Citrine Capital | Fee-Only Financial Planner San Francisco | Wealth Management | Advisor
Searching for a San Francisco-based financial advisor to assist with retirement, financial planning and wealth management?
Citrine Capital is a fee-only financial planning and wealth management firm committed to helping business leaders and tech professionals across the United States conserve and create wealth. We accomplish this by working with our clients to organize their finances, manage investments, define and prioritize goals, plan for major life events and/or early retirement, protect loved ones, and mitigate taxes.
Our clients are business leaders and tech professionals who typically have a large percentage of their net worth concentrated in private or public companies. They’re normally juggling family with demanding careers and dynamic lives. They work with us because their financial picture is increasingly complex and they realize that they don’t have the time, energy, or expertise to manage their finances on their own.
We are a San Francisco-based team of fee-only CERTIFIED FINANCIAL PLANNER™ (CFP®) professionals devoted to transparency and the fiduciary standard of care. We take a comprehensive and dynamic approach to financial planning that is designed to ensure that our clients’ goals, financial and beyond, are realized.
This 2-1/2 minute video explains how security prices are set—and change—based on the collective knowledge of buyers and sellers. Armed with this information, investors can be more confident about the power of investing in financial markets.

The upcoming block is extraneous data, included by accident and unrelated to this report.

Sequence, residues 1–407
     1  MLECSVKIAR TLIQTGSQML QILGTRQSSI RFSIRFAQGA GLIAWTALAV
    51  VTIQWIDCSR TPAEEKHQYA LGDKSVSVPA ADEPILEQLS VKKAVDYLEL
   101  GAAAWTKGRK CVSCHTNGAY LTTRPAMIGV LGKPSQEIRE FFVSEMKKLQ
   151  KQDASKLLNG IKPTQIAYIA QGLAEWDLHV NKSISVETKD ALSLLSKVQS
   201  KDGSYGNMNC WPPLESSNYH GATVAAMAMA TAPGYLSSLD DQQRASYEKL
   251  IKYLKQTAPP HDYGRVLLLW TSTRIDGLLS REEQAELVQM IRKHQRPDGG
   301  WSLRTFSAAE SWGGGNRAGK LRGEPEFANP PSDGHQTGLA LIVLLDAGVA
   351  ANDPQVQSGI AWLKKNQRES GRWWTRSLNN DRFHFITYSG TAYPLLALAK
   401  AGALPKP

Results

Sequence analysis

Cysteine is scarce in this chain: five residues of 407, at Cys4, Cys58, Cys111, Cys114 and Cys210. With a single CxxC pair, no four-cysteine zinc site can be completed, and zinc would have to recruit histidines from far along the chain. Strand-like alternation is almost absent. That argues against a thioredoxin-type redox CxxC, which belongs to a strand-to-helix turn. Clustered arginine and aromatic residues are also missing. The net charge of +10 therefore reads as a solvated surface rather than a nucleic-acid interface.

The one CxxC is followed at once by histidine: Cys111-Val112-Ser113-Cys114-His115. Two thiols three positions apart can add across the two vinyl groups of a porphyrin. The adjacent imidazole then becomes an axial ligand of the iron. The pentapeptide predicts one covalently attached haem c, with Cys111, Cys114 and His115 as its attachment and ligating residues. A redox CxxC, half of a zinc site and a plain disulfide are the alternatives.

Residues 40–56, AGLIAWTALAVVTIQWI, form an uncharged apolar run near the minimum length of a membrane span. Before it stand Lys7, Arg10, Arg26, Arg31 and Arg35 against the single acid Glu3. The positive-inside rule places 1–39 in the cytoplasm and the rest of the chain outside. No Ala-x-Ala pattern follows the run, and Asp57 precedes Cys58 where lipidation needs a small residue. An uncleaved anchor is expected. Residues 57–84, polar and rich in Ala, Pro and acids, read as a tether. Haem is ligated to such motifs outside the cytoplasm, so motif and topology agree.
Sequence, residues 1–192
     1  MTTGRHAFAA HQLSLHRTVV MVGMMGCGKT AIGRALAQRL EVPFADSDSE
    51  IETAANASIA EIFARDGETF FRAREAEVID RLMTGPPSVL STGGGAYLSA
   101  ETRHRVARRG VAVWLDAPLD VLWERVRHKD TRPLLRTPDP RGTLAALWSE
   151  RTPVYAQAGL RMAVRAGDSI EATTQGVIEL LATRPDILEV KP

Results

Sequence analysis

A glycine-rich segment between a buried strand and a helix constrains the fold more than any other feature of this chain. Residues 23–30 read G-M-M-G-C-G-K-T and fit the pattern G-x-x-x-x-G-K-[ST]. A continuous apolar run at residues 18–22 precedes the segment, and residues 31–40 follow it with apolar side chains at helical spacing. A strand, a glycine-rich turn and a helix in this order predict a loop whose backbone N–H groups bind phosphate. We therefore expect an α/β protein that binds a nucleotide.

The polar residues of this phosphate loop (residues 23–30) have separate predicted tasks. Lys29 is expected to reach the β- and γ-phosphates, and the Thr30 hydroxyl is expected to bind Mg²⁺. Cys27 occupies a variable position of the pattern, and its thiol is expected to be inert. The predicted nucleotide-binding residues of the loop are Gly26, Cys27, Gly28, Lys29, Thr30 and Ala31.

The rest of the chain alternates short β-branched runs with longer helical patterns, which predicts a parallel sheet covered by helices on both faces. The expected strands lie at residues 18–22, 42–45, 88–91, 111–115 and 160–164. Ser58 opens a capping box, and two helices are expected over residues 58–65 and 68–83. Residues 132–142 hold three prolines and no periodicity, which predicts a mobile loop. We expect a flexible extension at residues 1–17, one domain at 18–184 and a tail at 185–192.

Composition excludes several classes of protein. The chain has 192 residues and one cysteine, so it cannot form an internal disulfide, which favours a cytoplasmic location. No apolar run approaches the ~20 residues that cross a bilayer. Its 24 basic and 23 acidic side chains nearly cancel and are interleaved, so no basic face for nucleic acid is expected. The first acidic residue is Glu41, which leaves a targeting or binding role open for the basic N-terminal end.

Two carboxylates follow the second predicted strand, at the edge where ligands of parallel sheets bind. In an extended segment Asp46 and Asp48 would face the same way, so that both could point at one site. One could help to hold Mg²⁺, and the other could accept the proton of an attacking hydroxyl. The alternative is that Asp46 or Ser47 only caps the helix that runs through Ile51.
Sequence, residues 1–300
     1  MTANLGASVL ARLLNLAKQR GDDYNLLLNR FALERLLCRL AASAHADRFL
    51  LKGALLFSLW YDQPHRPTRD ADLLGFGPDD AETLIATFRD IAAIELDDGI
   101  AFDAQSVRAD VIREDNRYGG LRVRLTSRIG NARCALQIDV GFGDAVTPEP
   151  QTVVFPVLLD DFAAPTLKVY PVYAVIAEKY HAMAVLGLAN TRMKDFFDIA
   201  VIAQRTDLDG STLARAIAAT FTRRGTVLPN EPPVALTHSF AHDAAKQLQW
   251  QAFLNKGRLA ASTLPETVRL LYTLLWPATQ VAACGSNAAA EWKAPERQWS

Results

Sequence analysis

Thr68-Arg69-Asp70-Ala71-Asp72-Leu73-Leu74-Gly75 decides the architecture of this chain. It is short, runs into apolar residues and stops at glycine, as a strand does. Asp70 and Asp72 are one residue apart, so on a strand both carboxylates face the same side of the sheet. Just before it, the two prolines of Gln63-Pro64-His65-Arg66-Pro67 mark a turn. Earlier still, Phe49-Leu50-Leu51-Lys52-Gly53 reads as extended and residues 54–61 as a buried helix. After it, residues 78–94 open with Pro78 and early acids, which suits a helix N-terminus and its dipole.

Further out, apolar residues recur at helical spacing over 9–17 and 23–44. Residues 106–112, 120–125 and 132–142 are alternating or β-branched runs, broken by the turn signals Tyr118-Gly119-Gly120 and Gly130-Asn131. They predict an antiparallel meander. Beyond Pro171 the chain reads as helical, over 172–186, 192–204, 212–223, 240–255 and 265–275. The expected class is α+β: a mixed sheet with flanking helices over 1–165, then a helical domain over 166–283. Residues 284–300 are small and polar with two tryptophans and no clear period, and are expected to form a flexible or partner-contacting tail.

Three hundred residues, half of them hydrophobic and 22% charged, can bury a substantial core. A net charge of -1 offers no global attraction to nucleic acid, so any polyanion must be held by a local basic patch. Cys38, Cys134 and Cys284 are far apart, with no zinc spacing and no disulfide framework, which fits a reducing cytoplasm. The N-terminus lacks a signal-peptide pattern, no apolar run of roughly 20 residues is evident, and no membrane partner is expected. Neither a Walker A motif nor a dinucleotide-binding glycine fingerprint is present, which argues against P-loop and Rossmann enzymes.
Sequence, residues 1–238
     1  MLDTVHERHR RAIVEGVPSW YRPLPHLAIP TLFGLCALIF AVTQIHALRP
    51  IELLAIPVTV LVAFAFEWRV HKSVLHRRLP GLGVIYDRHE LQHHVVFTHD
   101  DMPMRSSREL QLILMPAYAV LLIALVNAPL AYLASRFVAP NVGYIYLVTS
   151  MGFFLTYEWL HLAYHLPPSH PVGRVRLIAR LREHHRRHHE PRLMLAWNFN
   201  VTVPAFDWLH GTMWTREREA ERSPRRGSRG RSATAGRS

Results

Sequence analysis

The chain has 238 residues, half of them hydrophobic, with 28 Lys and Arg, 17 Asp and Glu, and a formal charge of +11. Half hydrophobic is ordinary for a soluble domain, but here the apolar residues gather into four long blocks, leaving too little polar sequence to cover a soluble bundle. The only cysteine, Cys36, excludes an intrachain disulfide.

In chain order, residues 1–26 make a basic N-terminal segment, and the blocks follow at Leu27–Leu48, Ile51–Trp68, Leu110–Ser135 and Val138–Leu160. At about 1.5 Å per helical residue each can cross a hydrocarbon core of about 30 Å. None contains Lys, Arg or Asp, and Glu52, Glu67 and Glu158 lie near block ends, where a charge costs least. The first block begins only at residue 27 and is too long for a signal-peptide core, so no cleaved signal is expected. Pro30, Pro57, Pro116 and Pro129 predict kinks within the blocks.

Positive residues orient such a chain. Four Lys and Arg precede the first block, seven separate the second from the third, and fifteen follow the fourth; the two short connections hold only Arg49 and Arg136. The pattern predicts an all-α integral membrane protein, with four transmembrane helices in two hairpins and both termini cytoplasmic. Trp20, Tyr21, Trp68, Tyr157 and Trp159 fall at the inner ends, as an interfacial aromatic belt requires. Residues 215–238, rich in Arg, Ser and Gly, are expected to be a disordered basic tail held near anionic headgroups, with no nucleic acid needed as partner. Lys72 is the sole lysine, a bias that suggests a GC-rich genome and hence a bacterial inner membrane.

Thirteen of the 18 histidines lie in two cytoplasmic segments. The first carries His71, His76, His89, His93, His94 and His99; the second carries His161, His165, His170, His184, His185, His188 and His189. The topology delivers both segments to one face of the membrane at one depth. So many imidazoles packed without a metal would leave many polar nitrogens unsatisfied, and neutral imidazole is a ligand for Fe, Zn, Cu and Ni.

Investment fads are nothing new. When selecting strategies for their portfolios, investors are often tempted to seek out the latest and greatest investment opportunities.
A growing contingent of millennials and Gen Xers are stashing away between 40 to 80 percent of their take-home pay to join the FIRE movement. Their goal is to reach financial independence and free themselves from their corporate nine to five’s, allowing them to travel, raise families and work on their own terms. The lucky ones are reaching Financial Independence, Retire Early (FIRE) in as little as five to 10 years by working hard to increase their earning while simultaneously living a lifestyle of frugality.
As of 2019 approaches, and with US stocks outperforming non-US stocks in recent years, some investors have again turned their attention towards the role that global diversification plays in their portfolios.
It’s almost Election Day in the US once again. While the outcomes of the elections are uncertain, one thing we can count on is that plenty of opinions and prognostications will be floated in the days to come. In financial circles, this will almost assuredly include any potential for perceived impact on markets. But should long-term investors focus on midterm elections?
With school back in session in most of the country, many parents are likely thinking about how best to prepare for their children’s future college expenses.
In recent years, “liquid alternatives” have increased in popularity considerably. This sub-category of alternatives consists of mutual funds that may start from the same building blocks as the global stock and bond market but then select, weight, and even short securities in an attempt to deliver positive returns that differ from the stock and bond markets.